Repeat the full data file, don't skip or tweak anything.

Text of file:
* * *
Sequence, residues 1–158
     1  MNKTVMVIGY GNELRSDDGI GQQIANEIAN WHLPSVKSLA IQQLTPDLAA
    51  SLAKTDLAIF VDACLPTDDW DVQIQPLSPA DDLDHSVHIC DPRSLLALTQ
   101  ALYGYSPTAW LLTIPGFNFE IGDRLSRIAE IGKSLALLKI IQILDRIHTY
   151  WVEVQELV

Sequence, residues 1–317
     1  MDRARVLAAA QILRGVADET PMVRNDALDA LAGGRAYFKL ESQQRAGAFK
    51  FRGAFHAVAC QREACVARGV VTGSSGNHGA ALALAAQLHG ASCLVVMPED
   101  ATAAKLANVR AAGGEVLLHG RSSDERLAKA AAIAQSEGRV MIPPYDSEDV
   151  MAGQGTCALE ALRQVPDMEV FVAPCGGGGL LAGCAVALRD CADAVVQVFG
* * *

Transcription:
Sequence, residues 1–158
     1  MNKTVMVIGY GNELRSDDGI GQQIANEIAN WHLPSVKSLA IQQLTPDLAA
    51  SLAKTDLAIF VDACLPTDDW DVQIQPLSPA DDLDHSVHIC DPRSLLALTQ
   101  ALYGYSPTAW LLTIPGFNFE IGDRLSRIAE IGKSLALLKI IQILDRIHTY
   151  WVEVQELV

Sequence, residues 1–317
     1  MDRARVLAAA QILRGVADET PMVRNDALDA LAGGRAYFKL ESQQRAGAFK
    51  FRGAFHAVAC QREACVARGV VTGSSGNHGA ALALAAQLHG ASCLVVMPED
   101  ATAAKLANVR AAGGEVLLHG RSSDERLAKA AAIAQSEGRV MIPPYDSEDV
   151  MAGQGTCALE ALRQVPDMEV FVAPCGGGGL LAGCAVALRD CADAVVQVFG